Granted, the right to inherit is circumscribed by conditions. But even this small concession has little precedent in the ancient world. 

In Devarim 21, we read:

יח  כִּי-יִהְיֶה לְאִישׁ, בֵּן סוֹרֵר וּמוֹרֶה--אֵינֶנּוּ שֹׁמֵעַ, בְּקוֹל אָבִיו וּבְקוֹל אִמּוֹ; וְיִסְּרוּ אֹתוֹ, וְלֹא יִשְׁמַע אֲלֵיהֶם. 18 If a man have a stubborn and rebellious son, that will not hearken to the voice of his father, or the voice of his mother, and though they chasten him, will not hearken unto them;

In short, a child may be declared בֵּן סוֹרֵר וּמוֹרֶה only on the testimony of both the father and mother. As Rabbi Gedalyah Engel taught me, this can only be if both the mother and the father are equal in the house, therefore, equal in the eyes of the children.

Of course, to reiterate the obvious, women had to be able to testify before the beit din. No other ancient society that I know of allowed, much less required, female testimony in court (as with stubborn and rebellious son).

And this passage tells me why Jesus' saying to his mother "Woman, what is this to me?" at the wedding at Cainna can't possibly be a correct translation. No Jewish boy ever talked to his mother like that and lived to tell about it.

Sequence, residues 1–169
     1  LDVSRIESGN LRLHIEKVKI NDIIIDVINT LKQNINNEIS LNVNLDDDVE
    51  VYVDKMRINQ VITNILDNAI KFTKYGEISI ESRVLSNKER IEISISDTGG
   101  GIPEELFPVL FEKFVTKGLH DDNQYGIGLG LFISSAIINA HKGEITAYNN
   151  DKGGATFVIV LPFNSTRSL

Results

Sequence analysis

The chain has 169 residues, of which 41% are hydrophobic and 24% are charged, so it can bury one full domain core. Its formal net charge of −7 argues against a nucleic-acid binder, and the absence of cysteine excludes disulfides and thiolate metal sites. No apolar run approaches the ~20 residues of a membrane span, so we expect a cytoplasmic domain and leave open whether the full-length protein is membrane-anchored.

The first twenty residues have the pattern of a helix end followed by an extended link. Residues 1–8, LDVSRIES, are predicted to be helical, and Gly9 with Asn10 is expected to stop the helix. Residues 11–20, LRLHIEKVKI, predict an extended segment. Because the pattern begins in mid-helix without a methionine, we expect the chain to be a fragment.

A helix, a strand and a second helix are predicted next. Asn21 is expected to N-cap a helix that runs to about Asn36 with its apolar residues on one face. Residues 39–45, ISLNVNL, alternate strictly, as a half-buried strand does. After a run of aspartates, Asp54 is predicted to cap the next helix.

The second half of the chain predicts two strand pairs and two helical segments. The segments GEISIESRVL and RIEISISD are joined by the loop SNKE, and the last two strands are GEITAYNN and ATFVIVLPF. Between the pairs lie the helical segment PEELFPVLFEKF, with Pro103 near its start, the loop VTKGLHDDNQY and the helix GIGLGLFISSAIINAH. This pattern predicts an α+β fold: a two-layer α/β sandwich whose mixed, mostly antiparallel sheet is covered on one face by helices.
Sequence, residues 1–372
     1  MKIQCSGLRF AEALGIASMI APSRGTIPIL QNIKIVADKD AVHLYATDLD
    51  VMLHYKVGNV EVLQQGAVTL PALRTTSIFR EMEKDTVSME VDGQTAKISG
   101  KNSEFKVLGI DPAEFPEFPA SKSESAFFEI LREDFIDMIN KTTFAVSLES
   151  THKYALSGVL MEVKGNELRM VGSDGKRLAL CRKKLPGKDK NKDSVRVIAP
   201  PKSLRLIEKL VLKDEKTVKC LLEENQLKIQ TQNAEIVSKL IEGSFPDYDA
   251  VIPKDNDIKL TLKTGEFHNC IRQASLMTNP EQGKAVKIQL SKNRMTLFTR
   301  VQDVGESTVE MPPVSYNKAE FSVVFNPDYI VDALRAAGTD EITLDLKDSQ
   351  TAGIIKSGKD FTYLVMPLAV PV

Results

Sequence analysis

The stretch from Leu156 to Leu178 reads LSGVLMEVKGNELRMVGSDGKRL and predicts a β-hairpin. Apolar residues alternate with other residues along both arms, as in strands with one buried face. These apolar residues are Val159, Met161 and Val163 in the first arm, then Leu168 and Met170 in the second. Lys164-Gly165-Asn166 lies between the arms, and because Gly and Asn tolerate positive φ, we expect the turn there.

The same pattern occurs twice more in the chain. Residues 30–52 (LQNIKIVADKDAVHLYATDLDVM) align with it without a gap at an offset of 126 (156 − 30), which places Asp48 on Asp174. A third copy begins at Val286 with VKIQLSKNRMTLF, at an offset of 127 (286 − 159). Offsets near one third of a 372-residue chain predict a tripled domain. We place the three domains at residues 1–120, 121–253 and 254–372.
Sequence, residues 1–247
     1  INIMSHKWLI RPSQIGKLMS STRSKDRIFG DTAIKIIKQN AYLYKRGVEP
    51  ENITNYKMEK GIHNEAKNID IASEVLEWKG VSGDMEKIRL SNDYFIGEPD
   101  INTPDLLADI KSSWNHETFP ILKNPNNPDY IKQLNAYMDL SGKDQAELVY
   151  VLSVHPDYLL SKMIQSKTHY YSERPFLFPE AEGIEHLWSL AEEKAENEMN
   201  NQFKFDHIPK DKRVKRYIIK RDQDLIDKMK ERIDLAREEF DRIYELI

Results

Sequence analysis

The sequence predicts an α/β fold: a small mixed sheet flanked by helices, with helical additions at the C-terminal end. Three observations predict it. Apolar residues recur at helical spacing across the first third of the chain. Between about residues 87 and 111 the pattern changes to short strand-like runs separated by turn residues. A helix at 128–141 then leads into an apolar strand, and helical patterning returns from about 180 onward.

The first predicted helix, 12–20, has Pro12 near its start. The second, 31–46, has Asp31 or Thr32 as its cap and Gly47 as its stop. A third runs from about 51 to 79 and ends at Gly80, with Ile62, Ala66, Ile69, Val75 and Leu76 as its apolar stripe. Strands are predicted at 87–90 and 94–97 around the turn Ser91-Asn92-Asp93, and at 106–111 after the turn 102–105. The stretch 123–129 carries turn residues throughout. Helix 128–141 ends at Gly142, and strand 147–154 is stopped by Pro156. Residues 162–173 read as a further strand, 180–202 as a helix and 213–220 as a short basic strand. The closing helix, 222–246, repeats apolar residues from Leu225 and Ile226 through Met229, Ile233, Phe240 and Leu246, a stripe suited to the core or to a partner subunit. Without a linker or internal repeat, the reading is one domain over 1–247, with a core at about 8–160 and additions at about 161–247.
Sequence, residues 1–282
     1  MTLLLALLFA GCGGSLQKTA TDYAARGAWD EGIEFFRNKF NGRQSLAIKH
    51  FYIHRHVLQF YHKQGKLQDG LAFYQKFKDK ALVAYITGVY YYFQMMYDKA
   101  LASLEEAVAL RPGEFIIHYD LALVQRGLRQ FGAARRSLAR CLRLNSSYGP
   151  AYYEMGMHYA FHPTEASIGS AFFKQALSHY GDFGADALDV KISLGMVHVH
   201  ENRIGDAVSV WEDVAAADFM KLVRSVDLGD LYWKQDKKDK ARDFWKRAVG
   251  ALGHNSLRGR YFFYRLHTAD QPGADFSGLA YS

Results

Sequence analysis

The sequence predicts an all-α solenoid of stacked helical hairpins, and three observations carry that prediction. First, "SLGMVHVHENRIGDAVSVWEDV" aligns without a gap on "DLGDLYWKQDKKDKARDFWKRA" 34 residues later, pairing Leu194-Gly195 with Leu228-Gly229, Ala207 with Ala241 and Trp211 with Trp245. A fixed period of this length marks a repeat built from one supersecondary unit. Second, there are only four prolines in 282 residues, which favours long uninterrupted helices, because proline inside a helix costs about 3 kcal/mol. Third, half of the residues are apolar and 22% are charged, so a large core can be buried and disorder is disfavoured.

Similarly, the Rabbis explain that the two versions of the fifth commandment ("Honor your father and your mother" and "Honor your mother and your father") teach us that the two must be equal in the home (Rabbi Engel certainly taught me this).

Such a notion is not only unprecedented in the ancient world, it is arguable that it is only recently has begun to be taken seriously in the modern world.

The ancient world was hardly a model of egalitarianism, monarchic Israel included. Women, at best, were second class citizens when they were even counted as "citizens." However, Torah never seems entirely supportive of the sociology of the times neither does Torah seem entirely comfortable with it.

How could Torah support such an idea? If "male and female created He them," if both are God's creation, how can there be a difference in the rights or status of either?

There are so many other examples of independent women: Miriam is a prophet, Devorah is a judge, Hannah teach us how we pray to this day (I Samuel 1:13). But this tale, Tamar's story, is the first of the tales with female heroines.

Torah must agree that Tamar's story is exceedingly important. Exceedingly. 

One of the longest, if not the longest, and most important stories in Torah, the story of Joseph, is interrupted for Tamar's sake. Joseph's legacy is what leads us from the patriarchs, from Canaan, to Egypt, to slavery, to exodus, to Torah and nationhood. And his story must be suspended so we can learn of Tamar. Yes, Tamar's is an important story. (I learned this in a d'var given by a young lady. Her name was Tamar -- nu? -- Fox.)

Tamar

In our story, Tamar is the wife of Er, first born of Judah. Er was "wicked in the sight of the Lord and the Lord slew him" (38:7). So, her travails start with the fact that she married a no-goodnik.